So, you’ve read our very own Shane Ryan’s story about being hacked on Twitter. Shane’s experience is far from a nice tale, and proof that even employing multitudes of common sense, the best defense against many cyber attacks (don’t click suspicious links!), is often not enough. What can you do to reduce the chances of being hacked? We’ve got some handy advice on how to keep your Twitter account locked down.
It’s the simplest thing to do but one of the most important. Log in to your Twitter account, go to Settings and privacy, click the Account tab and scroll down to Security. Hit the Verify login requests box and you can have a SMS message sent to your phone number any time there’s a log in attempt on a new device. It’s not completely fool proof, as The Verge noted yesterday in its feature on two-step verification, but it’s the best line of defense Twitter currently offers. It’s also something that’s available for most other services you use from Gmail to PSN, so you should set it up everywhere you can.
If you’ve just been hacked, one of the first things Twitter suggests is resetting your password. This requires access to your email account that’s linked to your Twitter profile. Obviously, if your email address has been compromised too, that’s no help, but in many cases a simple password reset will restore your access. Make sure you use an email address you always have instant access to, such as one that you check on your phone regularly.
Ideally, you want your password to be something so convoluted that you struggle to remember what it is. That’s where using a password manager app like LastPass or 1Password comes in handy. Set it up and you’ll never have to remember a password again. Even better, it’ll come up with more powerful suggestions than you could possibly imagine. Change your password frequently for additional protection. Never use the same password for more than one service, and never share it with anyone.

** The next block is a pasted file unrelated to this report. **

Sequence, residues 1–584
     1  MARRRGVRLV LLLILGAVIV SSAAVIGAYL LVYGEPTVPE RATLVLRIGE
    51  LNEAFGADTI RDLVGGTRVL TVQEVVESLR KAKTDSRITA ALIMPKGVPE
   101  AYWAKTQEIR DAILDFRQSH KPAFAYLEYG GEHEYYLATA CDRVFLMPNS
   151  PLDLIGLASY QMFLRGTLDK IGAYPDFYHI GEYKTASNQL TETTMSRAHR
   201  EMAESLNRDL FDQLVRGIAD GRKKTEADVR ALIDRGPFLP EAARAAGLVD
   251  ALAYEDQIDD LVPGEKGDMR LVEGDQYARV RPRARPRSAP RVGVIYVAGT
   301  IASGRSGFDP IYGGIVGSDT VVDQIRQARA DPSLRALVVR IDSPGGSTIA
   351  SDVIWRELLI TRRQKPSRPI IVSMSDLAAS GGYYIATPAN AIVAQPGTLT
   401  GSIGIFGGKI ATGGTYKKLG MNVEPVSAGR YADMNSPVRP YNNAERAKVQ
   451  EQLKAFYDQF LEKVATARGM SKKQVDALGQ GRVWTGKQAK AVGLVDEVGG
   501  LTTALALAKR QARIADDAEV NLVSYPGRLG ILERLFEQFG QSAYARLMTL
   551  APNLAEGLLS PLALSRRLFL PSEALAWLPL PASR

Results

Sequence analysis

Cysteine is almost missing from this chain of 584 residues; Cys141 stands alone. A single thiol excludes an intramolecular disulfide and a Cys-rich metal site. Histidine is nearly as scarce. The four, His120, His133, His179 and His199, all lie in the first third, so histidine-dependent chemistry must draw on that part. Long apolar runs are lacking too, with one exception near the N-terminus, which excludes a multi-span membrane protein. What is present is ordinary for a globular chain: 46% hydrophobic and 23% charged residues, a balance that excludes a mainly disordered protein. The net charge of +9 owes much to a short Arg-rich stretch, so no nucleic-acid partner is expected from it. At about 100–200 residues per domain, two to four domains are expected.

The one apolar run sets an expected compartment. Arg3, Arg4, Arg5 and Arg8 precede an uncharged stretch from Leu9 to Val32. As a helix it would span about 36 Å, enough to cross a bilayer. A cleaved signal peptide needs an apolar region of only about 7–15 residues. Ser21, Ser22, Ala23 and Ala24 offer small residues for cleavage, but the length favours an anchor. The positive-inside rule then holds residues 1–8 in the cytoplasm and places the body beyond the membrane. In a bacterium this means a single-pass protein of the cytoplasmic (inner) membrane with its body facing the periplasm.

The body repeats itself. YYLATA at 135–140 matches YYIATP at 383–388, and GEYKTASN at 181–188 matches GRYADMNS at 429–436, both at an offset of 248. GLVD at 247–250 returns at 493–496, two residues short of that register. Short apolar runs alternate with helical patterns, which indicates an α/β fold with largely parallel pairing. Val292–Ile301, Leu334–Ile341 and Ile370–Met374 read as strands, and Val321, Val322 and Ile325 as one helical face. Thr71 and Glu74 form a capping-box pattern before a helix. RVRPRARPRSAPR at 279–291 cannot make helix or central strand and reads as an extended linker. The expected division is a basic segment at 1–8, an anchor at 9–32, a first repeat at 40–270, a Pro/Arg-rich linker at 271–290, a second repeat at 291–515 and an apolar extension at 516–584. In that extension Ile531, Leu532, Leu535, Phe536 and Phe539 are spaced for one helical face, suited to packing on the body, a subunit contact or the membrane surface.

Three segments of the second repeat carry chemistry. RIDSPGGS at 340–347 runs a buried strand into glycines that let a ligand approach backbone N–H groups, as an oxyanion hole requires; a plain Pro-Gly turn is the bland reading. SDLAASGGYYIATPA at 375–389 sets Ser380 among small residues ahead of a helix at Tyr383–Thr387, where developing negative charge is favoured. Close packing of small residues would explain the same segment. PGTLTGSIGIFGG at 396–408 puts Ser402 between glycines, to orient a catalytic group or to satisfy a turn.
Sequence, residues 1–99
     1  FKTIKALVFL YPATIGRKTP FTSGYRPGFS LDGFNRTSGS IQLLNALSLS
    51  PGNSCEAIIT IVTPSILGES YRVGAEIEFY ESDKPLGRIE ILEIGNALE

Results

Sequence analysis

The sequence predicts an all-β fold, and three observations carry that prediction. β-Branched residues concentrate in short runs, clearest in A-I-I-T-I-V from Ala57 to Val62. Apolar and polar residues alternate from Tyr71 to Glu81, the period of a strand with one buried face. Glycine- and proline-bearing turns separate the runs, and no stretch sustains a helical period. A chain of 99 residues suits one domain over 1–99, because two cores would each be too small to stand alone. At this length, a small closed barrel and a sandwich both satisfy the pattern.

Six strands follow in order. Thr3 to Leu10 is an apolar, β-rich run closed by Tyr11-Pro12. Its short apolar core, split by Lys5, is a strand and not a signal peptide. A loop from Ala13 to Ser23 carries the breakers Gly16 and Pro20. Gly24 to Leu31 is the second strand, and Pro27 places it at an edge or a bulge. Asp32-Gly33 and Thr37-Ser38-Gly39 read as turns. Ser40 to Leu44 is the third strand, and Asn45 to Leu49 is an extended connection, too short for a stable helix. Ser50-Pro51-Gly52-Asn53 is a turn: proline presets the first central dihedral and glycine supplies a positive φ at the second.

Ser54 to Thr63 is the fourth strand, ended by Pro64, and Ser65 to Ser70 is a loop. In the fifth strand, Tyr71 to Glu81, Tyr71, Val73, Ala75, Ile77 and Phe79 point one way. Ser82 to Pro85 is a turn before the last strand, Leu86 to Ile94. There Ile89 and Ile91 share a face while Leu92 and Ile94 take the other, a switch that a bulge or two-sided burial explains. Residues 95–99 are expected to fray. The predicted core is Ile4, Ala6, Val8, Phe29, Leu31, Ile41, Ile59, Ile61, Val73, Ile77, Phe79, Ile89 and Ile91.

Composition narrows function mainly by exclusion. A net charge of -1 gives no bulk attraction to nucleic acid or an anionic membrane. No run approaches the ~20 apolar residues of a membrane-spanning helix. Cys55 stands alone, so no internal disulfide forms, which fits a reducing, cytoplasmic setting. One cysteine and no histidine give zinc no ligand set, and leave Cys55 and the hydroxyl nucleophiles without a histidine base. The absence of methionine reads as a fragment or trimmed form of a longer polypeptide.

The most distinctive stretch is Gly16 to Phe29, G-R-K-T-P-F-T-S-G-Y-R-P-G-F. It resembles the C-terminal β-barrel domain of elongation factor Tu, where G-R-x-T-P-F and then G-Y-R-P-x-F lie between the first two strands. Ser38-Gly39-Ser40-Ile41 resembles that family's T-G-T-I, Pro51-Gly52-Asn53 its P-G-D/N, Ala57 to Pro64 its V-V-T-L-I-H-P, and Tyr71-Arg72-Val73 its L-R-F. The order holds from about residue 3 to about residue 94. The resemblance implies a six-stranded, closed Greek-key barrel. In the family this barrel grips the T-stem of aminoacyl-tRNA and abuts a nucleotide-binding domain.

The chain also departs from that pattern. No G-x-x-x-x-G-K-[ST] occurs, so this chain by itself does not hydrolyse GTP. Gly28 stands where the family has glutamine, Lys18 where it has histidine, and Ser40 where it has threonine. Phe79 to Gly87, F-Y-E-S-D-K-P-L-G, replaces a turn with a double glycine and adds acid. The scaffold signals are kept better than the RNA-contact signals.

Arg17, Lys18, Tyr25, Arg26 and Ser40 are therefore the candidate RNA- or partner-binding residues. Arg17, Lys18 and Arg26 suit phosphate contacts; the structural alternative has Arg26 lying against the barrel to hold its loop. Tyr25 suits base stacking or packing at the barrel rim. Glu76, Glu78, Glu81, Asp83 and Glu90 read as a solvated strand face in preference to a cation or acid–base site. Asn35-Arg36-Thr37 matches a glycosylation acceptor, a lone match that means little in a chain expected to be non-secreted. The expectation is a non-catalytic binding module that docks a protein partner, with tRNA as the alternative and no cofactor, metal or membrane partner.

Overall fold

Twitter has an option where it requires personal information to reset your password. It’s switched off by default, but you should definitely turn it on. By doing so, you’ll be asked to verify your phone number before you can request a password reset with just your email address. While it’s possible a hacker could know your phone number, in the event they don’t, they won’t get any further than resetting your password.
Go to Twitter Settings and scroll down to Apps. Odds are that plenty of apps have access to your Twitter account. It’s likely that you hardly use many of these. How many times have you briefly tried a new Twitter app then uninstalled it moments later? You need to remember to Revoke their access from within Twitter. If that app or website is compromised, your Twitter account can be compromised alongside it. It’s the classic reason behind why you’ll sometimes see people post unusual links before deleting them promptly. It’s because their account has been briefly accessed through a vulnerable app they used a while back. Clean it all up and stick to only the apps you’re confident about.